A father sits with his son on a couch and plays with a piggy bank toy after setting up a CD for college savings.

Using a CD for College Savings


Looking into ways to save for college? Here's what to know about certificates of deposit (CDs) for college savings.

College can be expensive, so it’s important to start saving early. If you’re interested in a safe, long-term college savings account to store college funds where they are insured by the government and pay interest rates above the typical checking or savings account, you may want to consider a CD for college. Keep reading to learn how to turn a certificate of deposit (CD) into a college savings account.

College Savings Account Options

One of the best-known college savings account options is a 529 account. While these college savings accounts come with a tax advantage, there are many rules and restrictions that govern how they work. 529 plans are typically designed for investing, which could be a risk some households want to avoid.

You can also use any regular investment or bank account to save for college. Those don’t come with the same tax benefits as a 529 account, but they also don’t have the same restrictions. When you use a CD for college, you can withdraw the entire amount for any purpose without any additional taxes or IRS penalties.

The Benefits of Using a CD for College

Most people don’t instantly think of a CD for college. However, this is an excellent college savings account thanks to a combination of benefits. Consider these benefits as reasons to talk to a banker or head to your bank website to open a CD for college:

  • Above-average interest rates: The first reason to use a CD over a checking or savings account is interest. Higher interest rates help your savings balance grow faster. In many cases, banks reward customers with a higher rate on CD accounts than most checking, savings, or money market accounts.
  • FDIC insurance: CD accounts are insured by the Federal Deposit Insurance Corporation (FDIC). Under current rules, savers are insured for up to $250,000 per depositor per financial institution. That means you can save up to $500,000 essentially risk-free with joint CD accounts. CD accounts never go down in value.
  • Timed deposit options: CD accounts come with one very unique feature. Deposits are made for a certain period of time. This is a benefit when saving for college, as you know you have a long and specific time horizon for your savings. Once the accounts are locked away in the CD, you have less temptation to spend on anything else.
  • Use for any purpose: Unlike a 529 plan, which requires funds to be used only for allowed education-related expenses, you can use the funds from a CD for anything. If your student earns a full-ride scholarship, you are not stuck with funds in a 529 plan. You could give them to the student as a reward for earning a scholarship, buy a reliable car to get to school and back, or finance a trip abroad. When you use a CD for college, there are no strings attached.

Drawbacks of Using CDs for College

CDs are a good choice for many college-bound families, but they are not perfect for everyone. These are drawbacks to consider when using a CD for college:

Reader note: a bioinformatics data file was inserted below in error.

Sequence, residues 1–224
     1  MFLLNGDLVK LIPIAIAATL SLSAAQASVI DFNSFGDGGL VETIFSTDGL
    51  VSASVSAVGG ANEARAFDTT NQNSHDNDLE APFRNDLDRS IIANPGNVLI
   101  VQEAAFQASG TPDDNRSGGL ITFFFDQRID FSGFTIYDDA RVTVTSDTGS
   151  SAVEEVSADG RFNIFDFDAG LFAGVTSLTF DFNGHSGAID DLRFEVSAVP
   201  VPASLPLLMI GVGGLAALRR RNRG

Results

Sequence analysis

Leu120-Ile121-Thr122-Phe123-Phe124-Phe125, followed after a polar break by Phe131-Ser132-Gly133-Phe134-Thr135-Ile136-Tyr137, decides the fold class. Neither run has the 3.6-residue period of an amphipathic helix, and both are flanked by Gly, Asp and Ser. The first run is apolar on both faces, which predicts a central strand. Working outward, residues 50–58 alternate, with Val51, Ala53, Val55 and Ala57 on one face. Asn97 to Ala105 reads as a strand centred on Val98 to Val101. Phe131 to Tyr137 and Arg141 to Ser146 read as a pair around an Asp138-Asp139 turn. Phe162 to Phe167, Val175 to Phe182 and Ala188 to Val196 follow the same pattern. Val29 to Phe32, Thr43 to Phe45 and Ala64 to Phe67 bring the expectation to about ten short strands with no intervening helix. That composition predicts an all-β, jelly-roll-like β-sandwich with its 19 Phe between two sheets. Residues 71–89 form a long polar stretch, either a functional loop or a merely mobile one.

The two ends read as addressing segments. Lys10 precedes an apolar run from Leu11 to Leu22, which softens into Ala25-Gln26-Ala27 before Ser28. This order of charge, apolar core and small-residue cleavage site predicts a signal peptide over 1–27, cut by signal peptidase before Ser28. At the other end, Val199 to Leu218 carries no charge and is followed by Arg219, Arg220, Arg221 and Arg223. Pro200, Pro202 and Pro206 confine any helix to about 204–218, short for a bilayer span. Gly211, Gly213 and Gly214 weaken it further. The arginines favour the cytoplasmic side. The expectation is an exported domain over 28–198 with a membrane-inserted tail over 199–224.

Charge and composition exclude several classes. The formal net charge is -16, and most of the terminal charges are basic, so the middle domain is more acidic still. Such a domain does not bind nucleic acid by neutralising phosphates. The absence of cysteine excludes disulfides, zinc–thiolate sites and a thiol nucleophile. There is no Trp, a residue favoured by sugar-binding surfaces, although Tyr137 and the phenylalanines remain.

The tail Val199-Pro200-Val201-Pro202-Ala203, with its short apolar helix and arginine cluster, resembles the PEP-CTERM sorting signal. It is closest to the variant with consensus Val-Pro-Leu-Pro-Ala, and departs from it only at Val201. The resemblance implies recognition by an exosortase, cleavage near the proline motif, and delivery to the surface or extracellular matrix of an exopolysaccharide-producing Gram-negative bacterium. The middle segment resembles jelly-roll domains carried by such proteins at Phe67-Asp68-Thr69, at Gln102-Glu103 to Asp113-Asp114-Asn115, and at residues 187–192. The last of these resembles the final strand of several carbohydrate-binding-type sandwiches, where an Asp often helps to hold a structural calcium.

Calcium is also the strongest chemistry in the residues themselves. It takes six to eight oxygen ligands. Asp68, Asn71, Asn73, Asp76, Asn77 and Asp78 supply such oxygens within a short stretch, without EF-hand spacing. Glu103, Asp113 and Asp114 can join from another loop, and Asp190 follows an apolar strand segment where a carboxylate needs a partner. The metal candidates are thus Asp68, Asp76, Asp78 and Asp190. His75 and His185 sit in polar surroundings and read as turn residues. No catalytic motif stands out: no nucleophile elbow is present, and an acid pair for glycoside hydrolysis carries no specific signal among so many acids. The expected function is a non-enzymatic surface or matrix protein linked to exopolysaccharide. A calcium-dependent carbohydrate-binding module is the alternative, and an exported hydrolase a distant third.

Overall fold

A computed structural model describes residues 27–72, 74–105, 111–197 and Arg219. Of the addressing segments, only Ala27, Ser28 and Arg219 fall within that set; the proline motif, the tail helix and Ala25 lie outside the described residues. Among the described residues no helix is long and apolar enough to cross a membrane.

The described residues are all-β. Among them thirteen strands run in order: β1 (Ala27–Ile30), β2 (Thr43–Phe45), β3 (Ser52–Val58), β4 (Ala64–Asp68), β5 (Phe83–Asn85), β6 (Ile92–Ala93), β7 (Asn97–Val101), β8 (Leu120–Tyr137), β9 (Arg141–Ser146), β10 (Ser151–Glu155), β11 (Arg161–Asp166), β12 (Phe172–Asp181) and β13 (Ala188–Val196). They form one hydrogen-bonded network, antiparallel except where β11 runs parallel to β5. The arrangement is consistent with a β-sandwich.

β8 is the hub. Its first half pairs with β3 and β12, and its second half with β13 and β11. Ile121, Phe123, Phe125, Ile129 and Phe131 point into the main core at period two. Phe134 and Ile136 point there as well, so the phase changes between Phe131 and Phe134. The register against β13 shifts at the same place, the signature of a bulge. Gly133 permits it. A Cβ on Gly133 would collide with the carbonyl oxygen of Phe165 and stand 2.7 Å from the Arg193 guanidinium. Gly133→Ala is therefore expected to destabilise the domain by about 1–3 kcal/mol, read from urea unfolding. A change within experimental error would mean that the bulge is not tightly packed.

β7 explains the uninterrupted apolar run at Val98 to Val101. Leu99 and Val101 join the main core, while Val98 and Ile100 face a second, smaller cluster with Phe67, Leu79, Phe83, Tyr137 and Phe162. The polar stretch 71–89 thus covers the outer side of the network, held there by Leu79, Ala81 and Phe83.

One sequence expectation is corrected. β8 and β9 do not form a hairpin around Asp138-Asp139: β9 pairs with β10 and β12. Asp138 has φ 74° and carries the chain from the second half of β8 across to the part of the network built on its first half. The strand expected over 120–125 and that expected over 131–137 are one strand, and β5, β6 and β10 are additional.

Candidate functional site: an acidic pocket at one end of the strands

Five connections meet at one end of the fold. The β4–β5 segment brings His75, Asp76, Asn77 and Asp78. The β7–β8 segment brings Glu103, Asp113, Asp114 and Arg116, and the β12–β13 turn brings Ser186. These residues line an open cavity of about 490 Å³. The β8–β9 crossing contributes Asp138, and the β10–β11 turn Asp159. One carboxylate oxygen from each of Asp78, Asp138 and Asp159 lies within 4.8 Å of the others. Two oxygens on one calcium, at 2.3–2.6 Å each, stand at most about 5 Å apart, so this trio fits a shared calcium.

• No tax benefit: Compared to a 529, CDs are missing-out on a tax benefit. Any income generated from a CD is typically taxable.
  • Timed deposit: While the timed deposit feature is a benefit that helps keep money safely locked away for college, it’s also important to time your CD accounts to mature at the right times if you plan to use funds for tuition or other expenses with a regular due date.

CD for College Savings Strategy

When using a CD for college, you may have a decade or more before you need the funds. That gives you the most flexible time frame to choose the best interest rates available, which should be prioritized when picking CD accounts.

You may want to follow a strategy called a CD ladder where you buy multiple CDs with varying maturity dates over a period of time when you expect to need the funds, or you can keep rolling them over and watching the balances grow.

If you are saving for a child or grandchild, for example, you may want to put away a certain amount every year. When the CD maturity date arrives, that could be your annual reminder to buy another CD or add to the balance.

For those who are not sure of the best combination of CD accounts, you can call up a trusted banker for advice or visit a local branch to explore your options.

There’s No One Way to Save for College

According to U.S. News & World Report, the cost of college at in-state universities increased 72% from 2008 to 2021. For the 2020-2021 school year, the average cost of tuition and fees alone was $41,411 at private colleges, $11,171 for in-state students at public colleges, and $26,809 for out-of-state students at public colleges.

College is expensive. Many students combine scholarships, grants, student loans, and college savings accounts to cover the cost of tuition, fees, books, room, board, and an occasional late-night pizza to keep the study session going.

There’s no right way to save for college, just a way that’s right for your family. For many households, a CD for college could be a part of the puzzle of paying for a college education.

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